EyeQuestion and Virtual Reality

When we started our company some 16 years ago and were in the process of naming our software, we tried to create a name that would immediately cover the market that we were trying to make our name in ; Sensory and Research. The research part was easy as that would be covered by the word ‘question’. Being inspired by Apple in the early 2000’s, the first name that popped up was ‘iQuestion’. We liked the concept, but did not like how it was a bit too similar to one of the major software companies. To better link our new company name within the field we were going to work for hopefully a long time, we decided on using ‘Eye’, since this would cover the second part of our goal in using the concept of sensory in our company name.

The decision to use this specific visual organ in our name came back to haunt us during the last 16 years as questions were asked over and over again if our software suite was created in order to make use of Eye Tracking or if consumers could actually give answers using their eyes. Up until now we always had to disappoint people in saying that this was not the case. But, with our new Virtual Reality module, users can finally answer questions with their eyes by using EyeQuestion VR.

 

 

 

Some time ago we visited Utrecht University where a symposium on the use of VR in sensory science was held. You can read all about that in our blog. We were already working on VR, as this is something we had presented in an earlier stage of our development cycle last year, but now we have further improved our VR module by making it easy to use, create and overall very accessible by integrating it in our existing EyeQuestion interface.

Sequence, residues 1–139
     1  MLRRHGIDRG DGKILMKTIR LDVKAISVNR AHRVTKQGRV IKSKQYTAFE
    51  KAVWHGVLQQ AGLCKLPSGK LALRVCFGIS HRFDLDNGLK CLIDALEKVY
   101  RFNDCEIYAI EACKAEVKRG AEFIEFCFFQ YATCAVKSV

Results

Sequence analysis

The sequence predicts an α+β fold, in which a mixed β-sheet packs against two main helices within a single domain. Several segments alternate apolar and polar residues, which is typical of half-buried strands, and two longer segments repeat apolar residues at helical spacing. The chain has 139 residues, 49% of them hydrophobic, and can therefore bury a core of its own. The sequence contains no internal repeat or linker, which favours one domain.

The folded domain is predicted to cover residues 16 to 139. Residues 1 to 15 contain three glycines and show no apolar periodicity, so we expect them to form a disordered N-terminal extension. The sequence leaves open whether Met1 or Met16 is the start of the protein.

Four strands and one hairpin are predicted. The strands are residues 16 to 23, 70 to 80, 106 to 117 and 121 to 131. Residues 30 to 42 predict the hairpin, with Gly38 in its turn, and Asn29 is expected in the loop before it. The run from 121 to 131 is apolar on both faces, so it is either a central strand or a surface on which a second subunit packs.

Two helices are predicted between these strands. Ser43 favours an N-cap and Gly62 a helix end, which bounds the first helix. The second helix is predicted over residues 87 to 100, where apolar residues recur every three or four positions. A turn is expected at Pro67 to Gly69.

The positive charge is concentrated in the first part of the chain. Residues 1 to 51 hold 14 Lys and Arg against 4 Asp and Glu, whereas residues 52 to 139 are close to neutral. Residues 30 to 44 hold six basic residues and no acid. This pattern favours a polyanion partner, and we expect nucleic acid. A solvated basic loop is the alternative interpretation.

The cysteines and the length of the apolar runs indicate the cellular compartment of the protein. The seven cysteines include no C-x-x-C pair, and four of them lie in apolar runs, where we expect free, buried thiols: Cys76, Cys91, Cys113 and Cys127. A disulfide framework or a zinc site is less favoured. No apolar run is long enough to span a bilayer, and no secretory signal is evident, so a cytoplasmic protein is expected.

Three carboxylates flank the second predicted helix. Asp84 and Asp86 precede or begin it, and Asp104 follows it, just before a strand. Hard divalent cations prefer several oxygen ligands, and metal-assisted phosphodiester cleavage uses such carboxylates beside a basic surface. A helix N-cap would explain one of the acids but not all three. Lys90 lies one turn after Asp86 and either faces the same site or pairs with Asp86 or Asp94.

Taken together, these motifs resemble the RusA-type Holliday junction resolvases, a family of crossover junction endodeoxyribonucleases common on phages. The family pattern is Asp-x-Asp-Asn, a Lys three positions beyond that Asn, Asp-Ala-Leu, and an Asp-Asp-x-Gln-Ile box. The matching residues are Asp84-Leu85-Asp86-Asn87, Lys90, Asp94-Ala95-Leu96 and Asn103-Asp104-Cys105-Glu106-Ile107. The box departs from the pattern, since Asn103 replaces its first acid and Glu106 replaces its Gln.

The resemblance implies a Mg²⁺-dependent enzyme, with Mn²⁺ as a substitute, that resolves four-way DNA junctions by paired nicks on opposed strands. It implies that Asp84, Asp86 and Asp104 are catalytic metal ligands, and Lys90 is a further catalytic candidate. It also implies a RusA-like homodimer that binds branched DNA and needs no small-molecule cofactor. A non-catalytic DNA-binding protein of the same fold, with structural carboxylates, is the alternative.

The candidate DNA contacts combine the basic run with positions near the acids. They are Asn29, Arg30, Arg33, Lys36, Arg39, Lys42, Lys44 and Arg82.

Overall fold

EyeQuestion VR will not only be integrating the panelist’s visual organ, but also their auditory by adding voice recognition and text-to-speech integration. Both additions will make their debuts in EyeQuestion VR where we are able to create a truly immersive environment which creates a natural means of interaction. By removing the user interface we believe that we can directly connect to the panelists senses and bypass any possible bias.

A demo of EyeQuestion VR will be available at our booth during the Pangborn conference and we will keep you updated on our website and newsletter with our latest software developments. Please come and visit both EyeQuestion as well as QI Statistics booths at Hall B, booths 9 & 10 during the 12th Pangborn Sensory Science Symposium in Providence, Rhode Island.